“It is also noteworthy that China now has the world’s largest radio telescope,” Johnson-Freese says, referring to the Five-hundred-meter Aperture Spherical Telescope (FAST) that began operations in September. According to China, FAST has double the sensitivity of the Arecibo Observatory, and five to 10 times the surveying speed. “With that, China appears poised to do the kind of science that can get their country a long coveted Nobel Prize,” she says.
And China’s robotic moon ambitions are similarly thrilling to scientists. The prospect of samples being returned by Chang’e-5 next year—more than four decades since the last ones were snagged by the Soviet Union’s Luna 24 in 1976—is tremendously exciting for lunar science, says Ian Crawford, a professor of planetary science and astrobiology at Birkbeck College in London. “It will be especially interesting if, as seems likely, the new samples are collected from an as yet unsampled region,” Crawford notes. Moreover, if China is successful in making the first landing on the moon’s far side in 2018, that “will be another major technical achievement and scientifically very informative.”
Experts speculate that China is in part pursuing these activities for geopolitical reasons as well as scientific ones, as did the U.S. and U.S.S.R. in the early space age. “But I do think it is highly desirable to try to integrate China’s activities into global space exploration activities,” Crawford says. One avenue for doing this, he adds, is via the International Space Exploration Coordination Group (ISECG), a voluntary, non-binding forum of 14 space agencies that seeks to bolster countries’ individual exploration agendas for the collective good—a group in which the China National Space Administration is a member.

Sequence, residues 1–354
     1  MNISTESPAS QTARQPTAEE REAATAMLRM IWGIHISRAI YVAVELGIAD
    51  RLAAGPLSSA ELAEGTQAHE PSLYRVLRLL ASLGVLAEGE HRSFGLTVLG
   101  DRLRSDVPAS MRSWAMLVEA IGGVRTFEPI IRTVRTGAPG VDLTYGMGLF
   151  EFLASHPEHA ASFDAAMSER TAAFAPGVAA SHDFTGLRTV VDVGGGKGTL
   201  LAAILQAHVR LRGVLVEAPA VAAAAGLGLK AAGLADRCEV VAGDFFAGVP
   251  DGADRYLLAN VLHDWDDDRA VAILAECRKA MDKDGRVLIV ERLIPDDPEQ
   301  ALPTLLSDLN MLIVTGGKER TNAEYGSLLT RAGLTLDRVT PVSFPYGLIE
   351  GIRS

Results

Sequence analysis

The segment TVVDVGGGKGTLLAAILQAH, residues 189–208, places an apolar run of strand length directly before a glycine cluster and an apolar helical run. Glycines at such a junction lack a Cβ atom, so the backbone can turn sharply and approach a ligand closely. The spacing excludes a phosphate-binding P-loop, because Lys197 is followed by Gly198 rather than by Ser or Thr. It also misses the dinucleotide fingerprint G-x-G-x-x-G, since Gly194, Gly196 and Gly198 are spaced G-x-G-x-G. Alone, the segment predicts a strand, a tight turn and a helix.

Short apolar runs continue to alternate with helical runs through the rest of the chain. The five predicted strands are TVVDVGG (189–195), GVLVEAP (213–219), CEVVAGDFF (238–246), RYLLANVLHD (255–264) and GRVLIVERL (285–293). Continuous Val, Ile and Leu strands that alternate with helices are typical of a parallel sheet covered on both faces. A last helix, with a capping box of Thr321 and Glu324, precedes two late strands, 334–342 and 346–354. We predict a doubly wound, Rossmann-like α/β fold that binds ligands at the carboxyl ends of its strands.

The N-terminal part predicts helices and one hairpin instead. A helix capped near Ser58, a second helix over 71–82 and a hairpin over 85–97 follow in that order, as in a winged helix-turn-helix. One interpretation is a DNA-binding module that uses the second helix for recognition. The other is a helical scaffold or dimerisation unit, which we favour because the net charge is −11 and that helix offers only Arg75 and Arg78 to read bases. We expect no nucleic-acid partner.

Sphere of influence
China’s recent actions could spark another “Sputnik moment,” some say, spurring other nations to accelerate their space ambitions. In particular, its pursuit of the moon could inspire the U.S. to revisit a seemingly forgotten destination. Our celestial satellite is a strategic asset, says Clive Neal, a lunar scientist at the University of Notre Dame in Indiana, and one that has been missing-in-action in current NASA exploration plans. If China’s interest in the moon rejuvenates our own, the U.S. has the opportunity to stimulate private sector jobs while expanding humanity beyond the Earth, he adds. “Next year China will attempt something only the former Soviet Union has done and the United States has not yet managed to do, and that is robotically returning samples from a planetary surface.” Such samples, from an unexplored part of the lunar surface, says Neal, “will have a huge impact on lunar science … but will U.S. scientists be allowed to study these?” Furthermore, executing a rover mission on the far side of the moon, he suggests, “will put China in a class of its own regarding space exploration.”
Neal says it is apparent that China has major space ambitions, as indicated by its development of capabilities for low-Earth orbit, the lunar surface, and Mars. “The Chinese commitment to space is impressive through development of capabilities in a short period of time,” Neal concludes. “Is this their ‘Apollo’ moment?”